Practiced law in Atlanta with the firm of Alston & Bird for 28 years prior to coming to Emory University School of Law, where he is Associate Dean He is a past president of the State Bar of Georgia, its Younger Lawyer's Division and The Old War Horse Lawyers' Club. He has served on several Georgia Supreme Court commissions dealing with professionalism and lawyer discipline. He is a co-founder of Georgia's legal services program and its IOLTA program. He received the Arthur von Briesen Award which is given annually by the National Legal Aid and Defender Association to one lawyer in private practice for substantial volunteer contributions to the legal assistance movement for the poor. He co-designed Emory's 1L Orientation program which has won the ABA's Gambrell Award for innovation in professionalism programs. He is a fellow of the American College of Real Estate Lawyers, as well as the American and Georgia Bar Foundations. He teaches Legal Profession, Banking and Commercial Real Estate Finance.
Was chosen in April of 2006 by the Supreme Court of Georgia as the Executive Director of the Chief Justice's Commission on Professionalism. At the time of her appointment she was an Associate Professor at Atlanta's John Marshall School of Law and served as its Associate Dean for Academic Affairs. Before joining John Marshall, she headed special legal projects and was the executive director of the Health and Consumer Services Section in the Examining Boards Division of the Georgia Secretary of State's Office. She has served as an Associate Judge Pro Hac Vice for the Fulton County Juvenile Court and as Clerk to the Fulton County Board of Commissioners. She has also served as the Pro Bono Project Director for the State Bar of Georgia and Georgia Legal Services Program. Prior to and between government positions, Ms. Hanson engaged in the private practice of law, starting as a civil litigator with the Houston office of the Fulbright & Jaworski law firm. She has received the Judge Barbara Harris Award for Community Service from the Georgia Association of Black Women Attorneys and John Marshall Law School-Atlanta named its chapter of the Black Law Students Association in her honor. She has also been inducted into the Gate City Bar Hall of Fame and received the Spirit of GABWA [Georgia Association of Black Women Attorneys] Award, the top honor given by each of those bar associations.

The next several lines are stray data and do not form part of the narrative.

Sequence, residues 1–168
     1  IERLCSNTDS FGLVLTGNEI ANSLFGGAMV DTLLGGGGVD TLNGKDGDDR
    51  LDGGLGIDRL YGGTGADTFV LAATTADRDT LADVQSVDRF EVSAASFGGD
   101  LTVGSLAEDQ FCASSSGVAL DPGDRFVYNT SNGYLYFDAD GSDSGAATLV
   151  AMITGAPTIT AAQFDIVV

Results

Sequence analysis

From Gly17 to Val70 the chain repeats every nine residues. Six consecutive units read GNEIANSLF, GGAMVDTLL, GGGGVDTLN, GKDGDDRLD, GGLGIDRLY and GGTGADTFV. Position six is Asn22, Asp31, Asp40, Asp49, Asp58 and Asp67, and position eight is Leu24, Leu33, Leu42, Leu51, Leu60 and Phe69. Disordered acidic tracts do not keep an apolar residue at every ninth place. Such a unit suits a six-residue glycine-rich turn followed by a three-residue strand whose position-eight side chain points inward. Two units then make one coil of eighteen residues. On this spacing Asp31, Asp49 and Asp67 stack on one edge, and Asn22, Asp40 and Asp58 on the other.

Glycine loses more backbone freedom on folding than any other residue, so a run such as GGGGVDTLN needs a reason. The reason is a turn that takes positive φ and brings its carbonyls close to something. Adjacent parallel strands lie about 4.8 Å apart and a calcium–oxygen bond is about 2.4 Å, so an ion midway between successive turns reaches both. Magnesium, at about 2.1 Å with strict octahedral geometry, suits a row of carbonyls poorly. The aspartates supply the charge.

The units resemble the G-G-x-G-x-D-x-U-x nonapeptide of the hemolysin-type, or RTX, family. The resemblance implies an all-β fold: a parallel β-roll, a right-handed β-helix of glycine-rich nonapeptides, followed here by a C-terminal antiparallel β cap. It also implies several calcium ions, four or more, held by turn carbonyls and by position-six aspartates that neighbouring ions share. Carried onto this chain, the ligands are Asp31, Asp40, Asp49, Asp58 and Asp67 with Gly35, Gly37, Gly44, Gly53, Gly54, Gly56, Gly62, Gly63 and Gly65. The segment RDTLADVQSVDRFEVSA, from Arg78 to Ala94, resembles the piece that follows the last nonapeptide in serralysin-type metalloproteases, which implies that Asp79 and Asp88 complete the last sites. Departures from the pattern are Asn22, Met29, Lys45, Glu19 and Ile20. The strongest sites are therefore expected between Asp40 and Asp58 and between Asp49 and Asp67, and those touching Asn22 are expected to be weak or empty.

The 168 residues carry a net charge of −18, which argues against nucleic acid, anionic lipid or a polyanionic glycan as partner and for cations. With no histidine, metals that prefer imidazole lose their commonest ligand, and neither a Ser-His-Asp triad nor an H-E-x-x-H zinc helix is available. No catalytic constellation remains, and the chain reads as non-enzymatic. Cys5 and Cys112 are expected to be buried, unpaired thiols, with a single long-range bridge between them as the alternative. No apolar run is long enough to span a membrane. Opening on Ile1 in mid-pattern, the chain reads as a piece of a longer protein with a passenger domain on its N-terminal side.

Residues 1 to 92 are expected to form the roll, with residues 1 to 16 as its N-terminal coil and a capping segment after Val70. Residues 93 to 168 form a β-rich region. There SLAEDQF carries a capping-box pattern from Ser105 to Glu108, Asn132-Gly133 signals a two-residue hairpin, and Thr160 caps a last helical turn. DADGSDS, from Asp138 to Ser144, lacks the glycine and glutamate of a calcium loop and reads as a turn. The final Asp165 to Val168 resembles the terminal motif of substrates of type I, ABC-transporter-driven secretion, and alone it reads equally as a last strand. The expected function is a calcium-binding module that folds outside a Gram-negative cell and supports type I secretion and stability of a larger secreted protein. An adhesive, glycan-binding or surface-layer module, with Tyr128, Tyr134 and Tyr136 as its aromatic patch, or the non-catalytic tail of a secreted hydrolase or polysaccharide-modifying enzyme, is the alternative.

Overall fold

Associate Dean of Students and an Assistant Professor at Atlanta's John Marshall Law School and is responsible for planning seminars and workshops that increase ethical and professional consciousness, for investigating alleged violations of the Code of Student Responsibility, and for planning John Marshall's bi-annual Diversity and Professionalism CLE. Before joining John Marshall Law School, Sheryl clerked for the Honorable James A. Beaty, Jr. in the Middle District of North Carolina and worked for several years at Troutman Sanders LLP in the Complex Litigation practice group.
Serves as Professor at the Indiana University Maurer School of Law, where he teaches Corporations, Business Planning, and The Law Firm as a Business Organization, which focuses on the economics and sociology of lawyers working in private practice. In conjunction with other Indiana law faculty, he recently developed The Legal Profession, a 4-credit 1L course that explores traditional legal ethics and professionalism through the lens of specific practice settings. The course innovations include a rigorous competency model, team-based projects, peer feedback, and various assessment tools to help students identify and develop several non-analytical competencies critical for success as a lawyer. Professor Henderson's scholarship focuses on the empirical analysis of legal labor markets (spanning both law school and law firms) and, more narrowly, the development of human capital for legal service providers. In the law firm context, current and past projects examine a wide variety of market trends, including patterns of lawyer mobility, the relationship between profitability and associate satisfaction, the economic geography of large law firms, and attrition rates of female and minority attorneys. His recent legal-education work explores the relationship between labor markets and the annual U.S. News & World Report law school rankings. Professor Henderson serves as director of Center on the Global Legal Profession at Indiana University, director of the Law Firms Working Group, a joint initiative of the Indiana Law and the American Bar Foundation, and as a research associate for the Law School Survey of Student Engagement.